Behind the scene

  • Grayson and CalderonThe Class of 1938 Professor of Government travels to Mexico and meets Mexican officials regularly in the course of his research. He is pictured here (left) with Mexican President Felipe Calderon in a 2006 meeting in Washington, DC.

    Photo courtesy of George Grayson.

    Grayson and Calderon

Secretary of State Hillary Clinton traveled to Mexico last week armed with the advice of William & Mary’s George Grayson. Grayson, who has studied the Mexican region for more than 30 years, is widely regarded as one of the pre-imminent scholars on the U.S.’s closest southern neighbor.

“It was a lively discussion,” Grayson said of the meeting. “[The Secretary] was the epitome of a great hostess.”

Mexico has been in the news recently over increased violence in the region and the escalating influence of their drug cartels in the U.S.

Mexican drug cartels are in at least 200 U.S. cities today, Grayson said. And the numbers are rising.

“Mexican cartels have taken over the wholesaling of drugs in the U.S.,” he noted.

Grayson met with Clinton at the State Department in the middle of March. The meeting included other noted scholars of the Mexican region, including William & Mary alum Thomas A. Shannon, Jr. (’80), assistant secretary of state for western hemispheric affairs; former U.S. Ambassadors to Mexico James Jones and Jeffrey Davidow, as well as John J. Bailey, professor of government and foreign service director at Georgetown University.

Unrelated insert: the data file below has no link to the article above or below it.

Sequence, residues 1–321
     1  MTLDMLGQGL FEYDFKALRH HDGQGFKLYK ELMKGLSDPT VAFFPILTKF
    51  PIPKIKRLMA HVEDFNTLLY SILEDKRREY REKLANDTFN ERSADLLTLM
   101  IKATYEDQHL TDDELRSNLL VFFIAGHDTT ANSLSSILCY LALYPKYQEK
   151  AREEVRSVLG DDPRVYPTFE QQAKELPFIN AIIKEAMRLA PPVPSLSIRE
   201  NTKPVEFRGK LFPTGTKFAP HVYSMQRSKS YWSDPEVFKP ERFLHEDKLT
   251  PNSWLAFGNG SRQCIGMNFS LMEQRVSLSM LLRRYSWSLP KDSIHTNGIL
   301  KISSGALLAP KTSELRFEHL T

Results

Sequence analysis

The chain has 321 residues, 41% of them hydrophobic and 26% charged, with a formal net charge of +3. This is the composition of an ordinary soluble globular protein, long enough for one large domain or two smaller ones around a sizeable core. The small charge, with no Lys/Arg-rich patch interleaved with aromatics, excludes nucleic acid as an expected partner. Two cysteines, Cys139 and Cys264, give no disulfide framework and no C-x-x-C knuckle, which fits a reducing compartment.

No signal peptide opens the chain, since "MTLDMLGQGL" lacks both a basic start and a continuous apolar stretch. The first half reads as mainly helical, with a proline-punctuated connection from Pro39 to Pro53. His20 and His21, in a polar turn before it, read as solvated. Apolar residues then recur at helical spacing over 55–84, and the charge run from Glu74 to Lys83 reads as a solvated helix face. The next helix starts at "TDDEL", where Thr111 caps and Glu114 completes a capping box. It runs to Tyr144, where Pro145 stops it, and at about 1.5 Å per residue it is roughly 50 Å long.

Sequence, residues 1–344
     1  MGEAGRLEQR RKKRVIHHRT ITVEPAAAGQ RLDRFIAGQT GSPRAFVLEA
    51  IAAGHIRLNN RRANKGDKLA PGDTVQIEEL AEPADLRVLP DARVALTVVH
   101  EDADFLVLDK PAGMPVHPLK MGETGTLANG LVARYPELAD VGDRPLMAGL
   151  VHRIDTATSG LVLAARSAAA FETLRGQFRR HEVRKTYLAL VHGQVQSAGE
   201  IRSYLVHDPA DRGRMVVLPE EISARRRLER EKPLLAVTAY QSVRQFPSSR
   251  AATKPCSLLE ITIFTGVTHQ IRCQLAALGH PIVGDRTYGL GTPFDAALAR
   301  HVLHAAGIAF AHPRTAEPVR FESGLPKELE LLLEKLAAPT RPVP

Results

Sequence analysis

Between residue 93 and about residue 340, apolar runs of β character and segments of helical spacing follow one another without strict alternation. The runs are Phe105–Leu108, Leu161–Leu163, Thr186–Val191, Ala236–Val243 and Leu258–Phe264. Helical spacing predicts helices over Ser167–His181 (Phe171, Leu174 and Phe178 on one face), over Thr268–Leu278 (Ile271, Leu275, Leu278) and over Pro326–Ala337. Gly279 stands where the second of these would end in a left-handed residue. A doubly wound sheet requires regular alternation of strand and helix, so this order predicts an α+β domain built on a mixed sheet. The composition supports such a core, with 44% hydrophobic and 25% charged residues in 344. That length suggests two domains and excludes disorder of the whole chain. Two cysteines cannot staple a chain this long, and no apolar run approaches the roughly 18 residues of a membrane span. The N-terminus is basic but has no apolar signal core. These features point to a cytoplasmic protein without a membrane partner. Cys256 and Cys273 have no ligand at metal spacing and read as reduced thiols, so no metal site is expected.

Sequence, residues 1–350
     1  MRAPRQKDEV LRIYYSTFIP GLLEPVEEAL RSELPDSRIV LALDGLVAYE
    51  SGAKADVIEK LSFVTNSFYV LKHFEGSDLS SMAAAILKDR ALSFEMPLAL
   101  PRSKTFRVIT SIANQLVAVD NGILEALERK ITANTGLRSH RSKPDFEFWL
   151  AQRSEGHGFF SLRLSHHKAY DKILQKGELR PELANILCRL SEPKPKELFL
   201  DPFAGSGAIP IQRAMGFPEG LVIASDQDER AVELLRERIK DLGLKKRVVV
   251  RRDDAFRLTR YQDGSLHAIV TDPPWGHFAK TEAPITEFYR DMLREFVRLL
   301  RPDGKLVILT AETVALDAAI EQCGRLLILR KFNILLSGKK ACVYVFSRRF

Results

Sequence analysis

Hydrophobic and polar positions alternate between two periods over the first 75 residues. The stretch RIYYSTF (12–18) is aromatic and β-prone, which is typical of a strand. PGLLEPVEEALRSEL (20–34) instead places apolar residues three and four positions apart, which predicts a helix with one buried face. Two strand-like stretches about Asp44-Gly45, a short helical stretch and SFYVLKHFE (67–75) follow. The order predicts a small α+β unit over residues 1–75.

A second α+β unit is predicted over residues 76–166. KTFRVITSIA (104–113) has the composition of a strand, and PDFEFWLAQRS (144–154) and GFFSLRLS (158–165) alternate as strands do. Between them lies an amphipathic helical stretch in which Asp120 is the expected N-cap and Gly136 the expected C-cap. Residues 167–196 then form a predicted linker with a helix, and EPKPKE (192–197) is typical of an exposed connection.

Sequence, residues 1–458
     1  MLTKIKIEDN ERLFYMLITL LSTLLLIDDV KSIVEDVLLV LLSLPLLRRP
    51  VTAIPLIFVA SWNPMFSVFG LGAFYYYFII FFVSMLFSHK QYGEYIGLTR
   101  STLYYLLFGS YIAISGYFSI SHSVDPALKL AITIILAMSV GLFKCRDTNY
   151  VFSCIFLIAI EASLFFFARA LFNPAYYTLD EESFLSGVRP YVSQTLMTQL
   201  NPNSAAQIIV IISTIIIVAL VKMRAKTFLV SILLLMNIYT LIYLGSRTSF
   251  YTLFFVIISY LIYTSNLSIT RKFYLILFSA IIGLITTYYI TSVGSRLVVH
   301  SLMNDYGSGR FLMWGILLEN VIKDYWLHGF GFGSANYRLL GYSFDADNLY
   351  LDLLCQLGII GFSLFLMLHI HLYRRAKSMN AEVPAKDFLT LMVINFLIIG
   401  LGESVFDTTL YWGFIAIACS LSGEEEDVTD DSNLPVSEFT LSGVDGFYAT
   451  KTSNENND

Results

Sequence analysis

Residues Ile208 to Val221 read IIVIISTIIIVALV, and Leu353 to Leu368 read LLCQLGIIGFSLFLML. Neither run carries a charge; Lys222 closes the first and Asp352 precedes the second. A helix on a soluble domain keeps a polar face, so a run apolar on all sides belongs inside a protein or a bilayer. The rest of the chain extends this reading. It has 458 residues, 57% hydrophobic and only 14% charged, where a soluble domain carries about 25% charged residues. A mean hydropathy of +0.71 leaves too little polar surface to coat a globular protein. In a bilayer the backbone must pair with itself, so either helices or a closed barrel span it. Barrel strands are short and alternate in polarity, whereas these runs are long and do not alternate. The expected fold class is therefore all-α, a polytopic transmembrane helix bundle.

In tone, Grayson said, the scholars were in agreement.

“Most people were talking in terms of cooperation, collaboration and coordination,” the Class of 1938 Professor of Government said.

While Grayson has long noted the region is overlooked in U.S. foreign policy planning, Clinton’s trip along with the planned visits in April of Secretary of Homeland Security Napolitano and President Obama to the region gives the professor hope things could be different now.

“The previous administration had their eyes glued on Iraq,” he said. “At least now it’s on the radar screen,” he said.

Still the scholar sees no easy solutions, especially on the drug trafficking front.

“I think we are gradually going to have to move toward militarizing the border [with Mexico],” he said.